In the piece, Pasternak quotes a friend of the royal saying: "Kate is furious about the larger workload. Of course she's smiling and dressing appropriately but she doesn't want this. She feels exhausted and trapped. She's working as hard as a top CEO, who has to be wheeled out all the time, without the benefits of boundaries and plenty of holidays."

The numbers would suggest otherwise. From January to March, Kate undertook 29 official engagements, down from 35 during the same time period last year.

But, I would wager, image matters far more than boring figures.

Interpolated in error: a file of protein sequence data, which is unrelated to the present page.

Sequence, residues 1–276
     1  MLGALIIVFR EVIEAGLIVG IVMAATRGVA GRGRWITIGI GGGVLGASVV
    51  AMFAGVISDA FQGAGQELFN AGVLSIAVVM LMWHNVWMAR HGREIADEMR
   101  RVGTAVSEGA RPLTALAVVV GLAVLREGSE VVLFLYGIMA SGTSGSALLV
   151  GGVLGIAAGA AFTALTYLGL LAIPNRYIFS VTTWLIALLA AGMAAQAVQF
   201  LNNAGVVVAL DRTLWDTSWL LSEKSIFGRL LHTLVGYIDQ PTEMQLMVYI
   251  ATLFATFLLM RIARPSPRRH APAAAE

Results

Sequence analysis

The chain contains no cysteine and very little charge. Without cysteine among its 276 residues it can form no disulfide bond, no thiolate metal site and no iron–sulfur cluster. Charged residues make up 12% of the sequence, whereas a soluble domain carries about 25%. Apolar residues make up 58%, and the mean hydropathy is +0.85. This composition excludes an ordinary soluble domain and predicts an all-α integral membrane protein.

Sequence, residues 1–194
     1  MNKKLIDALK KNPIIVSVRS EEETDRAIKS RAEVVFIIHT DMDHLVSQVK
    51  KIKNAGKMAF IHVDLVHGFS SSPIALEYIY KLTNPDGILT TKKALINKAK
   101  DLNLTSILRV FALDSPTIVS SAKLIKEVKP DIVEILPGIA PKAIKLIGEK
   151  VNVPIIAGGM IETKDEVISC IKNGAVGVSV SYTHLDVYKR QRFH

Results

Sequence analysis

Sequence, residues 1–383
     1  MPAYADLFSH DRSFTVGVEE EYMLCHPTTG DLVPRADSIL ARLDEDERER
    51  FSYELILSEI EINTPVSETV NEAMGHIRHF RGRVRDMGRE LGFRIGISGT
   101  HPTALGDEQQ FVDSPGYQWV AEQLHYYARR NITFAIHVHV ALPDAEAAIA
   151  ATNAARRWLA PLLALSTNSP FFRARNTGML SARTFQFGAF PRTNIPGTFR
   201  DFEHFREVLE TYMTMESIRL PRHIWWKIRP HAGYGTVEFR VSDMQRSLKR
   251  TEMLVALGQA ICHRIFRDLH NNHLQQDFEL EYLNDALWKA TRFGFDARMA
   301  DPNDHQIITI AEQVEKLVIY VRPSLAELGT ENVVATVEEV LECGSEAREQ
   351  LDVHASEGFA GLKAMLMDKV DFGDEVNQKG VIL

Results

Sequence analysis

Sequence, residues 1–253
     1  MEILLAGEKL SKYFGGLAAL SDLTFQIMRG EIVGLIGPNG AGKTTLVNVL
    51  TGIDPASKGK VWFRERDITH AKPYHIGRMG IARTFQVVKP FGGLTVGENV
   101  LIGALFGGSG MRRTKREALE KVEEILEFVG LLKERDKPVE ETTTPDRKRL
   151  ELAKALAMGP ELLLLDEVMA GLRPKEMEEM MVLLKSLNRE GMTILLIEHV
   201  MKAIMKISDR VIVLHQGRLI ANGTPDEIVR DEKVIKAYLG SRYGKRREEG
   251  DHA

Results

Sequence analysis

For years and years before her marriage to William, Kate was cast as a work-shy Sloane whose greatest accomplishments were her year-round tan and knowledge of the Mahiki cocktail menu.

Over the past decade, Kate has toiled away assiduously to dispel that image, taking on more and more patronages and more active roles in the organisations she is involved with.

The Kate of 2020 is largely seen as a quietly industrious HRH, beavering away on impactful, harmless, universally lauded projects such as the launch of her children's garden at the Chelsea Flower Show and her Five Big Questions early childhood campaign this year.

That carefully calibrated image is now at stake. The idea that Kate is "exhausted and trapped" while working from her 10-bedroom country home, replete with a team of staff and extensive collection of pastel dresses, threatens to transform her into the Marie Antoinette of the Instagram age.

'She's the mummy he always wanted'